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Immune Response to Yeast & Increased Purine Metabolism May Exacerbate Crohn’s Disease

A new study reports that a strain of intestinal-dwelling yeast may exacerbate Crohn's disease, and blocking the fungus from causing problems in the gut could alleviate the symptoms of inflammatory bowel disorder in some patients. Approximately 1.6 million Americans currently live with inflammatory bowel disorders (IBD), and as many as 70,000 new cases are diagnosed every year. No cure exists for IBD, though many patients manage their symptoms with anti-inflammatory drugs. While several studies have illuminated links between intestinal bacteria and IBD, scant attention has been paid to the other types of microbes living in the gut, even though almost 70% of Crohn's disease patients are predisposed to mount immune reactions against yeast. In work that served as the cover story of the March 8, 2017 issue of Science Translational Medicine, Dr. Tyson Chiaro of the University of Utah School of Medicine and colleagues demonstrated that a strain of Saccharomyces cerevisiae aggravated intestinal damage in mouse models of colitis. The researchers determined that the yeast caused the rodents to produce elevated amounts of uric acid in their intestines. They gave yeast-colonized animals allopurinol (a clinical drug used to reduce uric acid), which reversed intestinal disease. To determine if yeast might cause similar effects in humans, the scientists examined serum from 168 healthy volunteers and observed a positive correlation between uric acid levels and circulating antibodies against S. cerevisiae. Testing Crohn’s disease patients for uric acid and immune responses to yeast could inform more targeted therapeutic interventions, the authors say. The open-access Science Translational Medicine article is titled “A Member of the Gut Mycobiota Modulates Host Purine Metabolism Exacerbating Colitis in Mice.”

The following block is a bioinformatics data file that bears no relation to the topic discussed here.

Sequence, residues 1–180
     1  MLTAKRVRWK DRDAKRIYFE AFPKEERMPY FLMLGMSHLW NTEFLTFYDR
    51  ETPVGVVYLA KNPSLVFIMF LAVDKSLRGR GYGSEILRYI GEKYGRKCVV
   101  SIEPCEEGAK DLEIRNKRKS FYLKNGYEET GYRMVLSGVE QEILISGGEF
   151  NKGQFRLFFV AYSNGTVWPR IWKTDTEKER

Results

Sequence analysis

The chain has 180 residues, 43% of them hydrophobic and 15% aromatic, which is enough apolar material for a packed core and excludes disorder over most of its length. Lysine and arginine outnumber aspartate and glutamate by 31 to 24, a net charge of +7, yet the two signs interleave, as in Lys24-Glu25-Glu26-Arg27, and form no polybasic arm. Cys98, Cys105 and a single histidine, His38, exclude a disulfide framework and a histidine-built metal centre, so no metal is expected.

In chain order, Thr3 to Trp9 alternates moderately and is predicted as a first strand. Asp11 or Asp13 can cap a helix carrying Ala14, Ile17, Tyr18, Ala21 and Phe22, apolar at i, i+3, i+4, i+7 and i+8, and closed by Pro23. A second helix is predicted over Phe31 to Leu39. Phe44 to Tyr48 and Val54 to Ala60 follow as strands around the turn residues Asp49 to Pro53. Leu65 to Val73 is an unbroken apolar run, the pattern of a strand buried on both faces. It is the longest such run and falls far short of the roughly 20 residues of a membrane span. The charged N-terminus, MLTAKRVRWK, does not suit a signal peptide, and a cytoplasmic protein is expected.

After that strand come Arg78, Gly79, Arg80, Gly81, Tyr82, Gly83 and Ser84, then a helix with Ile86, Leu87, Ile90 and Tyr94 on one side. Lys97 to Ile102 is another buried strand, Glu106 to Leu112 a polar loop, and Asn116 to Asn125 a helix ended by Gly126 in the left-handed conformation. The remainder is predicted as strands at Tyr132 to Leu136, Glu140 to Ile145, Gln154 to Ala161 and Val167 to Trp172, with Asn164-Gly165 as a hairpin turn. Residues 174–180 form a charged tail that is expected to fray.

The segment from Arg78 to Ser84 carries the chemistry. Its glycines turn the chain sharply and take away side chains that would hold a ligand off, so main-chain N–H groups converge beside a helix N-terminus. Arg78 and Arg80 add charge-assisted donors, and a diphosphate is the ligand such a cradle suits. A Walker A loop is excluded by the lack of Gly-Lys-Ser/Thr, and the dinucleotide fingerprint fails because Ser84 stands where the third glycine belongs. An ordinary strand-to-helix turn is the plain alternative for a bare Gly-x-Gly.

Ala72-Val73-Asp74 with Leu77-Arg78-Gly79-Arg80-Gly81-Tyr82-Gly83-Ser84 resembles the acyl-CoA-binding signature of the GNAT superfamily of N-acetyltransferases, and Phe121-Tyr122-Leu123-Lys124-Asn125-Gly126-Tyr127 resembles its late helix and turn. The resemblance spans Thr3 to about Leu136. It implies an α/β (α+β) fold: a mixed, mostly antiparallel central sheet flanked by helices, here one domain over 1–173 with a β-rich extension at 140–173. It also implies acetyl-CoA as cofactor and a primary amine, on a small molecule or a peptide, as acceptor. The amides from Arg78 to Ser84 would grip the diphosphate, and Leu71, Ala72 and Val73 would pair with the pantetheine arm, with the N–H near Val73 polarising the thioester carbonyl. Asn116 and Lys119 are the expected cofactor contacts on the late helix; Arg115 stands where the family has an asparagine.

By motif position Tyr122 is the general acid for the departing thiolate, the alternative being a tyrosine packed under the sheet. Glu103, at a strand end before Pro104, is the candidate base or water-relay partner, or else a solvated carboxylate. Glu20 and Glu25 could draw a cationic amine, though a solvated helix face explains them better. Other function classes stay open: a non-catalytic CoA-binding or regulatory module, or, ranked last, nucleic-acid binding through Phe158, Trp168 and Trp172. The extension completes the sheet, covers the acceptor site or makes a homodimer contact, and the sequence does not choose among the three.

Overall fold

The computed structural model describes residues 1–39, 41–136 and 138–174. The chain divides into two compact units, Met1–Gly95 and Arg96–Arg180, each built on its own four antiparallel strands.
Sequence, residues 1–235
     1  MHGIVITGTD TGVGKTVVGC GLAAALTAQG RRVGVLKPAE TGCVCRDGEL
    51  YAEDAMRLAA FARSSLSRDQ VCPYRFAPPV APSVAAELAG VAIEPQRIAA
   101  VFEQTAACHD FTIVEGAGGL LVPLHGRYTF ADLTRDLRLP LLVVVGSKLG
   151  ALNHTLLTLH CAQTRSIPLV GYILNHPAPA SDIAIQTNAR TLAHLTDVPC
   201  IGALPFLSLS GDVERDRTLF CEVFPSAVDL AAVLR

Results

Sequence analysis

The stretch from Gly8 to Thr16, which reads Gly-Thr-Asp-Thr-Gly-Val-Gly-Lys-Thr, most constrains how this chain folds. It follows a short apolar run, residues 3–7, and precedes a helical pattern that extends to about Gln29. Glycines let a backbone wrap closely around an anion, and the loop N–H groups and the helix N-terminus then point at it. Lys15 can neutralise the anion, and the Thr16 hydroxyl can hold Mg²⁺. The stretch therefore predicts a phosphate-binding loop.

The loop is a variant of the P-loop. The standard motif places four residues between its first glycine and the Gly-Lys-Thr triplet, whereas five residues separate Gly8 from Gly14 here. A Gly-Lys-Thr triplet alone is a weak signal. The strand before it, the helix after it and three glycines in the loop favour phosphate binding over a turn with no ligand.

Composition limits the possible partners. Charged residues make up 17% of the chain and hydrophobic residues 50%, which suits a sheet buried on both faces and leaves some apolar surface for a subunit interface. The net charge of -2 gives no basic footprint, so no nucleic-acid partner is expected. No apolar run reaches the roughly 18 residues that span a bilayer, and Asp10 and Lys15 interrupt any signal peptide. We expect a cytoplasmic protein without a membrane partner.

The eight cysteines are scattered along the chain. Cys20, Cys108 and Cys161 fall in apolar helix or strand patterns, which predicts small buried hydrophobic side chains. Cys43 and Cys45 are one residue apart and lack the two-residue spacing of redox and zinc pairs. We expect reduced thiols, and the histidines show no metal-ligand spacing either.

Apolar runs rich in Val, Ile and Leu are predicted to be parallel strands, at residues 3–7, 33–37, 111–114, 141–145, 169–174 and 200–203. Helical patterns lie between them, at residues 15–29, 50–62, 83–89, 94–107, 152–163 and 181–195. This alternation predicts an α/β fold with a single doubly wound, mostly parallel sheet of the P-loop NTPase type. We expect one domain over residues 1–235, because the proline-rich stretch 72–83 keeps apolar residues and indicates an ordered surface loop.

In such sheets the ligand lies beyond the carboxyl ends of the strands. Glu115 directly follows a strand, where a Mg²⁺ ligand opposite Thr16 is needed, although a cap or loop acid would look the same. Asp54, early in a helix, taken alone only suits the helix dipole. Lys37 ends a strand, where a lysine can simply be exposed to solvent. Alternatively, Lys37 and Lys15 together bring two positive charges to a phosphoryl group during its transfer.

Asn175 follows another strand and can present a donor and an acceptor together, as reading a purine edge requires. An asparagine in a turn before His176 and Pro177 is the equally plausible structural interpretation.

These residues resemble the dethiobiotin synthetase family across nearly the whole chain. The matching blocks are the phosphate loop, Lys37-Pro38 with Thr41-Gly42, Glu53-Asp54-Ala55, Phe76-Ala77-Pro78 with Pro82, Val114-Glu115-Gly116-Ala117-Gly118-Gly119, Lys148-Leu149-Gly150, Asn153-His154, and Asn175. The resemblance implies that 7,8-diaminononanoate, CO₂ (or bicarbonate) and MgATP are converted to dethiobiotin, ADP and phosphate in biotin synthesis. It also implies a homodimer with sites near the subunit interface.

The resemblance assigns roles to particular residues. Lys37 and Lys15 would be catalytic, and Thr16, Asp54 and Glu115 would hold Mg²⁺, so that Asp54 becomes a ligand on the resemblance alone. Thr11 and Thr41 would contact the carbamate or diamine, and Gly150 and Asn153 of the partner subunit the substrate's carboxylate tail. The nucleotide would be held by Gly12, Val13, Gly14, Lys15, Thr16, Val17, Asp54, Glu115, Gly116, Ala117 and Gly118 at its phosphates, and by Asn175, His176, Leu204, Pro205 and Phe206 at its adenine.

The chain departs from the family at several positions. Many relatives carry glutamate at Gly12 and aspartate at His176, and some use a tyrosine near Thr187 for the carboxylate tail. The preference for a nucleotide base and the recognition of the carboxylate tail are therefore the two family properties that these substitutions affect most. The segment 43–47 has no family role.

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Online cover of March 8, 2017 issue of Science Translational Medicine. "Fungi Take Center Stage." A strain of yeast (yellow) that is part of the gut mycobiota exacerbates inflammatory bowel disease in a mouse model (Chiaro et al.). Yeast are shown in close proximity to the mouse gut epithelium (villi are represented by peaks and valleys) where they induce purine metabolism leading to production of uric acid (blue crystals), increased gut permeability, and consequently a worsening of colitis. Treating mice with the drug allopurinol, which reduces uric acid production, helps to ameliorate colitis in these animals. (Credit: Alexander Tokarev/Ella Maru Studio).

[Press release] [Science Translational Medicine article]